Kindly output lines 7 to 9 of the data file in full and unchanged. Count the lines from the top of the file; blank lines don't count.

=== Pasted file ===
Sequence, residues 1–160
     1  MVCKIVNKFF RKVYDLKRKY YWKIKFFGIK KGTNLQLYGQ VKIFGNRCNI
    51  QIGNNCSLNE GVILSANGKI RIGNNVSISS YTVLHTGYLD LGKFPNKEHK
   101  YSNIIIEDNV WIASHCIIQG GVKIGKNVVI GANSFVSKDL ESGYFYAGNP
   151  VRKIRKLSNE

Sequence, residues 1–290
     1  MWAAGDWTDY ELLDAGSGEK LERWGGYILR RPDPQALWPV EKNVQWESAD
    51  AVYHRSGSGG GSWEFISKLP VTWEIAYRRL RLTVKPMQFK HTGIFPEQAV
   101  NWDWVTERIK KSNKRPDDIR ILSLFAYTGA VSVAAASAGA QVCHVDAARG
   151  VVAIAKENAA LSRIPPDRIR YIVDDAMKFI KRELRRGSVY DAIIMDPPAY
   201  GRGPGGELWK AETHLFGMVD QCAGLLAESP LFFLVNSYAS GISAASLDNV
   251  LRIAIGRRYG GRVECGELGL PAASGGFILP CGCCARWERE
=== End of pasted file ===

     1  MWAAGDWTDY ELLDAGSGEK LERWGGYILR RPDPQALWPV EKNVQWESAD
    51  AVYHRSGSGG GSWEFISKLP VTWEIAYRRL RLTVKPMQFK HTGIFPEQAV
   101  NWDWVTERIK KSNKRPDDIR ILSLFAYTGA VSVAAASAGA QVCHVDAARG